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Class Pictures June 12, 2007

Posted by Mitchell in Art.

Paper bug I assembled at the last minute:

Paper Bug

To practice for the wire shoe project Jeff, our instructor, had us construct a wire cube.  I strugggled a bit with it until I came up with the coiling technique to help with structure stability.  This was my first time playing with aluminum wire and it’s really soft.

Wire Cube

The next day we were to bring in the shoe that we were going to sculpt.  Here’s mine.  I wear this shoe and its mate to work every day.  I liked this shoe for the sculpture project because of the clean shape and lines.  I thought it was going to be fairly easy and quick to do as well. 

The Model

Not really.  At least with the approach I decided to take.  Our shoes are to be an open design, so we’re not weaving solid shapes here.  That presents me with a bit of a problem.  There’s not a whole lot of supporting structure here between the sole and the upper elements of the shoe.  I turned to my cube buddy – the coil.

Shoe - The Sculpture!

The most prominent features of this shoe are the rolled leather seams and the padded section near the ankle.  I coiled wire around a wood screw for the thin rolls, and around a sharpie pen for the padded section.  I used two different kinds of wire for the thinner rolls.  The top portion was in that soft aluminum, th lower section in thinner, stiffer steel wire.  Unfortunately, neither wire proved to be sufficient to hold their proper shapes.  The aluminum was too soft, the steel was too springy.  I bullied a thicker, stiffer steel wire into the necessary shapes and threaded the coils on them.  I have a nice seam structure in the back that I duplicated so I was able to attach the seam pieces to it and I’m good in the back.  The front structure is a little shakey though.  I’m going to fix that with a stiff tongue structure. 

I’m working on the sole of the shoe now.   The sole is a thick, hard rubber with a bit of a waffle pattern on the bottom.  I’m making it out of copper wire so it will be a nice contrast to the steel / aluminum of the top.  I made good progress today, but I still have a lot to do.  The instructor won’t be in tomorrow, so no class.  We can show up to work if we want to, but I’m going to come home to work on it.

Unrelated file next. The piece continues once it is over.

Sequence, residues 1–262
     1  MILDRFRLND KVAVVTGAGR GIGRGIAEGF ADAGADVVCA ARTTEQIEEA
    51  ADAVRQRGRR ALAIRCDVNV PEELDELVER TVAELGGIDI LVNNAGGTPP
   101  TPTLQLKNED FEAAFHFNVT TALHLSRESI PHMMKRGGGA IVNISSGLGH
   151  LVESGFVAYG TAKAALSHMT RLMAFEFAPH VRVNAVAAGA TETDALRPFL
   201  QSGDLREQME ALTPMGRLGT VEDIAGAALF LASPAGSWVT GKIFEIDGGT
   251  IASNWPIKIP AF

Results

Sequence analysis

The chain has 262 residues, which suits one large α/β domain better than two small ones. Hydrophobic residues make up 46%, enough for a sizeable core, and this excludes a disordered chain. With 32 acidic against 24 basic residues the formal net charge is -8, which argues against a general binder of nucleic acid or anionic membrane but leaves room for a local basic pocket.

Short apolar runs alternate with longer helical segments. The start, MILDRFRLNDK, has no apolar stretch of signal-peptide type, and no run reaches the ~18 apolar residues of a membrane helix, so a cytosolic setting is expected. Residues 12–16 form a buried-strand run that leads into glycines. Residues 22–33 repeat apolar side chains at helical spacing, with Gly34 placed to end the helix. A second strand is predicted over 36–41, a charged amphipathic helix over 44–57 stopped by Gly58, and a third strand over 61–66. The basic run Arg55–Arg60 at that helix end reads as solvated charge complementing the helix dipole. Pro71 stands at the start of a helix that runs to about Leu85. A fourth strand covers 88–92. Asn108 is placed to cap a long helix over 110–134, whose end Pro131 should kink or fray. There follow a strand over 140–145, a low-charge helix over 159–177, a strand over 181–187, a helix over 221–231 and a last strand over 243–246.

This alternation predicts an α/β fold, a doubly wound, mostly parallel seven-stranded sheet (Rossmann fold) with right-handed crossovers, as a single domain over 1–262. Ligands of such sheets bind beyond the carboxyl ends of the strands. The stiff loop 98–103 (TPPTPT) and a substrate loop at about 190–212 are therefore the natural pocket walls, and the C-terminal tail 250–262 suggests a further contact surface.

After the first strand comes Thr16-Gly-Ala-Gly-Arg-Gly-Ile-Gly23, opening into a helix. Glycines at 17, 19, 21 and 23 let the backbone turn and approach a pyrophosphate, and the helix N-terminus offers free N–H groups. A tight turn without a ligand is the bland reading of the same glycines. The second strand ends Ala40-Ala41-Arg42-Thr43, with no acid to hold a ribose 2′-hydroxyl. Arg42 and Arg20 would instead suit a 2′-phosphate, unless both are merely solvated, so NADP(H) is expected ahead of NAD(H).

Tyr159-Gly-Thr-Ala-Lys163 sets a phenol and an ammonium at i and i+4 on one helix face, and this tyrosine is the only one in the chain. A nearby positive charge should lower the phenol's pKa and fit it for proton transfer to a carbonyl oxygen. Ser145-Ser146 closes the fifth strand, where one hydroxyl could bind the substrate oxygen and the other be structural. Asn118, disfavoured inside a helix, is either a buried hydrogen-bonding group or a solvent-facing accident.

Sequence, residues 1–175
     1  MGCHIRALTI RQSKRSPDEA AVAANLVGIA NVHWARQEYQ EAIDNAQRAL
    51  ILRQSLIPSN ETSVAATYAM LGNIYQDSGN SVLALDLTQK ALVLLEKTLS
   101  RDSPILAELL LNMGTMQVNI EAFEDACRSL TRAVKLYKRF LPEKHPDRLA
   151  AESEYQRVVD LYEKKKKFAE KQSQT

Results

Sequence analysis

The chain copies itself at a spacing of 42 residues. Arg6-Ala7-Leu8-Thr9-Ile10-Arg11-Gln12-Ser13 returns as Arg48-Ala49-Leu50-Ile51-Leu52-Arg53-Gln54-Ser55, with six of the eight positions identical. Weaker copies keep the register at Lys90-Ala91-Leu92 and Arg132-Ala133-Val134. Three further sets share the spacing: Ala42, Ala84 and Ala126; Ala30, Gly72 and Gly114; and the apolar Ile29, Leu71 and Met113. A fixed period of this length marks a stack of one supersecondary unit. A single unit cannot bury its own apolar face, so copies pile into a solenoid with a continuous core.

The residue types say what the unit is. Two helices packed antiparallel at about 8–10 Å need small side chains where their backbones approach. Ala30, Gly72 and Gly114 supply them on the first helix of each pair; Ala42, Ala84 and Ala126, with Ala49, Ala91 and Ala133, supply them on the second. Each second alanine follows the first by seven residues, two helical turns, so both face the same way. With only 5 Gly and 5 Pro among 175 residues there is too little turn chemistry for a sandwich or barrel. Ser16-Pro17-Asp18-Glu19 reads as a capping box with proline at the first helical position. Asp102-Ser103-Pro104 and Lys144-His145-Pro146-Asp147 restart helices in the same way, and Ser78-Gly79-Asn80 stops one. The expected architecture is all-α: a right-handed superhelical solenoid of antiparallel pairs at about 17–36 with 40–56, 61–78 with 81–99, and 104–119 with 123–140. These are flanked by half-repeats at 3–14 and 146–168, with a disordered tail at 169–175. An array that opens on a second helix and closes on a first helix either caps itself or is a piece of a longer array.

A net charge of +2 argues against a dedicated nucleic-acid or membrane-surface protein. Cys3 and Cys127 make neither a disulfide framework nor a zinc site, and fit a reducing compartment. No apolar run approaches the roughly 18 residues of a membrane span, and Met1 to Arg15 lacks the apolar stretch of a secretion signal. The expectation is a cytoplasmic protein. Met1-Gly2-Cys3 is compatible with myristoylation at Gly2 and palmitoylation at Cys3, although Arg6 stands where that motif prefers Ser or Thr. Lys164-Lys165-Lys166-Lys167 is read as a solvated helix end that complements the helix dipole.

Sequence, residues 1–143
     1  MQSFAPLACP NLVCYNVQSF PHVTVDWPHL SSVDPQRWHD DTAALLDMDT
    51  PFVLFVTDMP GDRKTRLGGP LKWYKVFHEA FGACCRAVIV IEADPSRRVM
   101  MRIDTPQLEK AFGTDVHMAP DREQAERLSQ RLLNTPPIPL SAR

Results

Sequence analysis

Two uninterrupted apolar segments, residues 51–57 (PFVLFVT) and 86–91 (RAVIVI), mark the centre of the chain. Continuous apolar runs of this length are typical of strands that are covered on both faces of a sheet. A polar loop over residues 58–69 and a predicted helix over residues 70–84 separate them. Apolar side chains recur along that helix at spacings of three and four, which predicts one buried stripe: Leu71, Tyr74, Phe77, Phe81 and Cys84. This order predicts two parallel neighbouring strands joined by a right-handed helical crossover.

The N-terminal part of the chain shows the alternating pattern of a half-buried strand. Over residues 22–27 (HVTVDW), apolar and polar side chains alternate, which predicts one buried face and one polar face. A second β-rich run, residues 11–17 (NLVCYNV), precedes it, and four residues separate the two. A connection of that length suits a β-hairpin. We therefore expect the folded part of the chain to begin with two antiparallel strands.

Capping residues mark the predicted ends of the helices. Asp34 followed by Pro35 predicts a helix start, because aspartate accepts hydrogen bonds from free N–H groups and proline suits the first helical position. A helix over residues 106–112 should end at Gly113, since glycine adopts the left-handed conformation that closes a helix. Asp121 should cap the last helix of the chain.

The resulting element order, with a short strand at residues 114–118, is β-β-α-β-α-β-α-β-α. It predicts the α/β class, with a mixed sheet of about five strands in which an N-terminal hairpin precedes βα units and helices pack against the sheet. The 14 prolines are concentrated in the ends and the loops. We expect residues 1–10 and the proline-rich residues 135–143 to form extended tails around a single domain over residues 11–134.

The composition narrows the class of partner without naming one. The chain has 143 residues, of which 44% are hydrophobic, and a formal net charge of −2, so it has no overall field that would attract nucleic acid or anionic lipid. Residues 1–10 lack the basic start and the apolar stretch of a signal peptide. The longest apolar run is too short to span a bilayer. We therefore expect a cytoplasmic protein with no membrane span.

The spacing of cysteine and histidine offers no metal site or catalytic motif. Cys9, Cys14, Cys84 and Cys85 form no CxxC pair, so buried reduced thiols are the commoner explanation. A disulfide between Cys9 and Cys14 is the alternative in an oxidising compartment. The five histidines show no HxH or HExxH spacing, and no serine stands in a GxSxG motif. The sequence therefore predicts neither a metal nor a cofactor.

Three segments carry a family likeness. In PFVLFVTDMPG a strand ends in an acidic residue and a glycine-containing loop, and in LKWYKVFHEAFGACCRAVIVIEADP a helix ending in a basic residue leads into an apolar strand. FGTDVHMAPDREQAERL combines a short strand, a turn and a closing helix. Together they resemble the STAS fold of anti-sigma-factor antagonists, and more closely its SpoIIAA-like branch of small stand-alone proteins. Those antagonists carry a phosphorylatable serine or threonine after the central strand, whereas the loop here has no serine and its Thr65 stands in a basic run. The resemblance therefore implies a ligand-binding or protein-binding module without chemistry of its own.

So, more stuff tomorrow!  Also, some development with the next sculpture’s concept.


1. kevlarchick - June 13, 2007

Why is art so…complicated? That doesn’t look like fun to me. But I’m sure when you’re done I will want to add it to my Enas collection.

I switched jobs, btw, and my boss is mightily impressed with the ceramic/firing work on your Skull. He admires it every day. Thank you again for your gift.

2. Enas Yorl - June 13, 2007

Art mirrors life, to some degree generally, so it’s sometimes complicated. Sometimes it’s stupidly simple. I’m not wired for stupidly simple so I usually wind up going with “complicated”. And who said it was supposed to be fun? It’s often hard, requiring my most intense concentration and incredibly frustrating when my concentration and hard earned skills aren’t up to the vision. Fun enters into it after it’s done and something nice emerges to reward the effort. Fun is the realization that new skills were aquired, or blunt ones were sharpened, enabling me to contemplate attempting more ambitious projects, or directing my imagination along new routes. Fun is giving away some of the things I make to people who will enjoy and appreciate them. And you’re very welcome, KC.

New job huh? Career / job satisfaction advancement I hope? Tell the new boss I said “Hey!”

3. Wickedpinto - June 23, 2007

I was talking about something like this some time ago with my father. I always felt that when I needed to be I was rather decent in the use of words (though I could expand my vocabulary a bit) and stuff, and my pops said I should try writing a book.

Then I tried to explain to him the amount of discipline to come up with a beginning a middle and an end, and you can’t appreciate the whole thing or how well you did until you are finished, and how I don’t have the discipline for that.

I hate the “dahling” crowd, but people who are artisticly minded impress me. Working from a completely unrelated foundation to create something with substance, that ain’t an easy thing to do, for anyone, even if you know exactly what it is you want to do.

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